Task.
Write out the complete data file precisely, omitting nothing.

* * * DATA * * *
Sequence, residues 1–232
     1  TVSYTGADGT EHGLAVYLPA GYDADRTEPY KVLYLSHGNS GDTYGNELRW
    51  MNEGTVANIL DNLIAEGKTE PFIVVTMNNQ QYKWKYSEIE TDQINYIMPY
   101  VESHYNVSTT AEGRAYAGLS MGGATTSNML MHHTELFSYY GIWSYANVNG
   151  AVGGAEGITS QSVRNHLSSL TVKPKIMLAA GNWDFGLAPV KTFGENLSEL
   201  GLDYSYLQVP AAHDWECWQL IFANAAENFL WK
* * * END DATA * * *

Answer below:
Sequence, residues 1–232
     1  TVSYTGADGT EHGLAVYLPA GYDADRTEPY KVLYLSHGNS GDTYGNELRW
    51  MNEGTVANIL DNLIAEGKTE PFIVVTMNNQ QYKWKYSEIE TDQINYIMPY
   101  VESHYNVSTT AEGRAYAGLS MGGATTSNML MHHTELFSYY GIWSYANVNG
   151  AVGGAEGITS QSVRNHLSSL TVKPKIMLAA GNWDFGLAPV KTFGENLSEL
   201  GLDYSYLQVP AAHDWECWQL IFANAAENFL WK